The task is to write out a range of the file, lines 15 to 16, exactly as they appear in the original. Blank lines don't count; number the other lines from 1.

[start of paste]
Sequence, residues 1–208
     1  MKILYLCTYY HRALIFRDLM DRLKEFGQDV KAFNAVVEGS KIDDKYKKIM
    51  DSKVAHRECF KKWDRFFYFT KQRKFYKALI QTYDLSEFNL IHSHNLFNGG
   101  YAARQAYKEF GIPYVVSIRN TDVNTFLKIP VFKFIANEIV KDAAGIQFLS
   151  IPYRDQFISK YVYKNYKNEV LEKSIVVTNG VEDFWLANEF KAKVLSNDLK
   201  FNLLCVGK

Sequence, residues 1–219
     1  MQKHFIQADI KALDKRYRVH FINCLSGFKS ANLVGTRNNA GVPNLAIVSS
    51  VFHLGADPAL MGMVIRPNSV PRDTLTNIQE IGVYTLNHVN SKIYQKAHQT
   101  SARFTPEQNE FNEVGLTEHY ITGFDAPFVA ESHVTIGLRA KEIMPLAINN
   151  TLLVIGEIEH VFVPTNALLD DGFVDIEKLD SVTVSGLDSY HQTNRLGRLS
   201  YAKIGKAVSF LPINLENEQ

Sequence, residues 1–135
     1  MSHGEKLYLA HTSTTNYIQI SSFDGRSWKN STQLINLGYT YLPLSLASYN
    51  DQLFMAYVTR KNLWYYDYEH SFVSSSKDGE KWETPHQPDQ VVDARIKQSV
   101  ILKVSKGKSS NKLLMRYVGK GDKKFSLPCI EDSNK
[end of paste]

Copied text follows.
    51  DQLFMAYVTR KNLWYYDYEH SFVSSSKDGE KWETPHQPDQ VVDARIKQSV
   101  ILKVSKGKSS NKLLMRYVGK GDKKFSLPCI EDSNK